That was such a perfect example, I think of super specific, clear feedback. Of course, my intent in putting “Let me know how I can help or how can I support you” was always good. The fact that it was being perceived otherwise, I was like, “Oh, easy. I just removed that. I’m removing that from my communications because I would never want it to be perceived in any other way.” And I now have made an effort to change my communication in a way that’s… Because behind that is “I’m thinking of all the ways I can help.” And I’m like, “There’s a bunch of different things that I think it can be doing here, I can be scheduling, I can be helping with talking points maybe for the podcast.” And coming from that place of being unclear on what my role was, I was not sure exactly how I could best step in.
Rather than suggesting some ways that I coul34d step in, I blanketed it with “How can I help you?” Which was putting the ball on Casey’s court, which was not my intent, or making her feel I was putting the ball on her court, which is not my intent. And I wanted to take work off her plate rather than give her more work.
Now I’ve made an effort to suggest different ways I can help, so it’s like “You tell me how I can help, these are some ideas I have. This is what I’ve already started on where I know I can add value. Here’s some other things that I’m happy to do, if helpful.” So I’ve gotten more specific with that, but that was I think a perfect example, because I think about that every day now in how I communicate, not just with Casey, but everyone on the team and external partners too, because I don’t think Casey’s alone in feeling that way.
Now I think about it, if I received that, I would just be like, “I don’t really have the time to put together a list of the ways that you can help here, so I’m just going to do it myself.” Now that I think about that, I’m like, “Oh my God, I can’t believe that I didn’t think about that before, but it was so specific, so clear.” Yeah. And completely transformed the way I communicate.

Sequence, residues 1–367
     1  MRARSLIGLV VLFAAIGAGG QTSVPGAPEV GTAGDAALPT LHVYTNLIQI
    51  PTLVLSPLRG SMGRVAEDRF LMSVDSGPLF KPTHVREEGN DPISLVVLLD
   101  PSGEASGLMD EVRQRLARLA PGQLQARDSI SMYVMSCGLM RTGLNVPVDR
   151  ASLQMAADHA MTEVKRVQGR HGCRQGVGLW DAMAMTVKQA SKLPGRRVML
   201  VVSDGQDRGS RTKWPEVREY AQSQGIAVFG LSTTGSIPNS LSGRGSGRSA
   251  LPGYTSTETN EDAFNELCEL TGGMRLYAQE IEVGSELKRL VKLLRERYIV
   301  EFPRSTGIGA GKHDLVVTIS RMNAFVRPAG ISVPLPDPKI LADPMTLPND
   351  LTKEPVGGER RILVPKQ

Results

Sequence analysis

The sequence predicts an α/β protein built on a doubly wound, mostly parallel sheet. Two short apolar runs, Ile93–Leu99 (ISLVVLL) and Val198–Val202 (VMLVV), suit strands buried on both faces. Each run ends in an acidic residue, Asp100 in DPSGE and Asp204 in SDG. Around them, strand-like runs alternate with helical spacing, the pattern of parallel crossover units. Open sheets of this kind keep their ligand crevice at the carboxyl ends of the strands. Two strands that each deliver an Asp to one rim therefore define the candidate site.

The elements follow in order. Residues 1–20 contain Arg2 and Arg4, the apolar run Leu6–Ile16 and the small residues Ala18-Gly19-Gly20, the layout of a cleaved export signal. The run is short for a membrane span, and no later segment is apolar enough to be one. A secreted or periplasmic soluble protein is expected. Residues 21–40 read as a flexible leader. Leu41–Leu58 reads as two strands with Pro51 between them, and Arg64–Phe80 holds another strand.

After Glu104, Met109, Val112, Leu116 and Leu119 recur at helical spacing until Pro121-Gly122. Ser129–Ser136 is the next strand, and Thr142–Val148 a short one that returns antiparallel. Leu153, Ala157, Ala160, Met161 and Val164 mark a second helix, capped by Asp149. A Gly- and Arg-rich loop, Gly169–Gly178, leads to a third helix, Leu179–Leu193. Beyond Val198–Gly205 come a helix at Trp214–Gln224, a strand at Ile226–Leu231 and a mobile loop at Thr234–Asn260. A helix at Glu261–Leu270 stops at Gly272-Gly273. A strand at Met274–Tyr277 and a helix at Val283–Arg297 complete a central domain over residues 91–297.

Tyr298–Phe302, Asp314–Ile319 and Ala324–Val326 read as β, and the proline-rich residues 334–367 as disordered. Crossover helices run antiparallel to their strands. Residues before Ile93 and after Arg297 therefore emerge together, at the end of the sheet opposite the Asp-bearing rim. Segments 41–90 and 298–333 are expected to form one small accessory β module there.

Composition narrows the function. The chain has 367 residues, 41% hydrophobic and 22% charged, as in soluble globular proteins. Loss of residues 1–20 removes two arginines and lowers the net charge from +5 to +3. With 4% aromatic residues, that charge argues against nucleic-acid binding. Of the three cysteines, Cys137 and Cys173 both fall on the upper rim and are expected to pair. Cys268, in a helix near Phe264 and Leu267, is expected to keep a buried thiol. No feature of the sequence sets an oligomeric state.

Yeah, I think that also back to the no short toes cultural principle that I’ve been working on, I didn’t want to jump right in and help in something, because I wasn’t really sure if it was my role or my place. I think that’s a really easy one just to kind of… I think a lot of people could benefit from that, because I’ve seen that, and I think of it all the time now I think [inaudible 00:32:41] feedback that Casey gave and it’s helped me a ton.
Ben Grynol: (32:44)
This email example of the closing line, the context might have been that that was a text expander snippet that you’re using that just goes at the end of every email and that’s how you sign off. And no one really teaches you… You learn these things through feedback along the way, but this isn’t an undergrad college course of like “Here’s how to write business emails. And here’s how your language really impacts the dynamics that exist between two people of who’s responsible here and who’s doing what for whom in what context.” Things like, “Let me know if I can help” or even all the hedging words of like… Something like removing those modifiers and just speaking clearly indirectly is something that probably would sound silly to many other companies in contexts that were coaching on specific language like this. But you’ve already said it, this has changed the way you look at all of your emails and all the language that you use in communications internally and externally.